Le Cordon Bleu: Now and then


I must start this post by saying, for those who have always thought “Cordon Bleu” is a chicken recipe let me tell you, you have been always mistaken.

We have all heard about the great French cooking school Le Cordon Bleu, but where does this name come from? What tradition is held behind centuries of history in excellence of cooking?

It all started in 1578, when Henri III of France created the Order of the Holy Spirit.

A group of people with high power from which some were ecclesiastic, some nobles and some knights. They were known as the Cordon Bleus since the badge of the order was worn hanging from a moirée blue sky riband.


Knights had to work really hard to get such a distinction and had to be minimum 35 years old, however some nobles earned it at birth and had to wait until they were 12 to enjoy the benefits.





This group of knights and clerics were famous for their decadent feasts that gathered the most important chefs in france. Many traders would hold their most precious spices and ingredients brought from abroad for the “Cordon Bleus” so they became famous. Every time an item had written “Cordon Bleu” on it, it meant that either it was out of stock for the next feast or that this item was so good that it had been used on a Cordon Bleu feast.


This is how over the years, the blue ribbon became an insignia of excellence in cuisine. It is known, yet not confirmed, that a group of this connoisseurs were in charge of checking the quality of the food to be served for the king Henry IV.


In 1830, the Order of the Holy Spirit disappeared together with king Charles X but the tradition of the Cordon Bleu remained in the memory of French foodies such as Marthe Distel, a journalist that wrote about food (during the late 1890’s) in a magazine called La cuisinière Cordon Bleu.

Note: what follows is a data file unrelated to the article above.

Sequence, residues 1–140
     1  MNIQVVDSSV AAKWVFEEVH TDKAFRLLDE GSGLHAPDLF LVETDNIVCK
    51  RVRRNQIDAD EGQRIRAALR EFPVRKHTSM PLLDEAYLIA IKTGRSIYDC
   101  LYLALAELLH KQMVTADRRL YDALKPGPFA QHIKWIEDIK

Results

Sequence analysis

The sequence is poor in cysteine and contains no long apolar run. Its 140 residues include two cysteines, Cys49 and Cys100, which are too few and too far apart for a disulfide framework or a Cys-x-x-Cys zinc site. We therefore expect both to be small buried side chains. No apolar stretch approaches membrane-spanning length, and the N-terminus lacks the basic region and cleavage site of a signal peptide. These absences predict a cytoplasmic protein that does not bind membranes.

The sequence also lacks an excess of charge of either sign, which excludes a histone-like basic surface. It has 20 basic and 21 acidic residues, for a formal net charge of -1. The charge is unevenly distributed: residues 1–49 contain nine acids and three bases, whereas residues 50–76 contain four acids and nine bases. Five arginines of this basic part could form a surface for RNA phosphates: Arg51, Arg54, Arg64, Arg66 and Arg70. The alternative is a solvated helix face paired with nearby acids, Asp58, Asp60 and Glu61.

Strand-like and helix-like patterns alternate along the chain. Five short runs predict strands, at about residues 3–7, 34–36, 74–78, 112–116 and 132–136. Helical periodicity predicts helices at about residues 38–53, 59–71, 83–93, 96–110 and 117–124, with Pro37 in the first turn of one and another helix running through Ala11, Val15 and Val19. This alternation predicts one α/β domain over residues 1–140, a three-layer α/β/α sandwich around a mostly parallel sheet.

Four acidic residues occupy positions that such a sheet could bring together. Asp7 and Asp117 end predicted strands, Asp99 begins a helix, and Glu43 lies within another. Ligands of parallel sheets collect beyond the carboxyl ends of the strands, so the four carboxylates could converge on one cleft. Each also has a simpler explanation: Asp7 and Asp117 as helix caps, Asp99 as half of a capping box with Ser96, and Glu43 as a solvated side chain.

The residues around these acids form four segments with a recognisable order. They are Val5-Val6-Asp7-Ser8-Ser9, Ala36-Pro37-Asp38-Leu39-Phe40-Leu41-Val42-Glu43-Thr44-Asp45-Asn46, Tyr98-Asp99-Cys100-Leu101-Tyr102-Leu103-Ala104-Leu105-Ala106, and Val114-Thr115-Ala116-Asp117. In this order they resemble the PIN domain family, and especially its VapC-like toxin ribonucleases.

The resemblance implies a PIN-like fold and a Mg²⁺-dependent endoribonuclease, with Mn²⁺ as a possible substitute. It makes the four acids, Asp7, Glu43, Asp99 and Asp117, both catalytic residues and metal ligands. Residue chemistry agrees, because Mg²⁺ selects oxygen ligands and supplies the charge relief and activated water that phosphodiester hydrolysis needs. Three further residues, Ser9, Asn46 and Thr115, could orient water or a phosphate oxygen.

In order to promote readership, she decided to contact some of the best chefs in the country to hold cooking lessons. On January 1895 the first class took place nothing less than at the Palais-Royal. Only one year later, together with Henri-Paul Pellaprat, Marthe Distel managed to double in size and have its own building.


Le Cordon Bleu 1896


The school was closed during World War II but as soon as it was over in 1945, Élisabeth Brassart reopened it and has been an international success since.

The most important part of being a Cordon Bleu chef is the symbology of the blue ribbon which in French history means the best of the best and it can be found in every Grand Diplome awarded (like mine below!)


Who would have thought there was so much history behind this name! Now you know that Cordon Bleu is a synonym of culinary excellence.

For more on Le Cordon Bleu, go here, here and here.

Happy cooking!

Your host,

Italia Rodriguez

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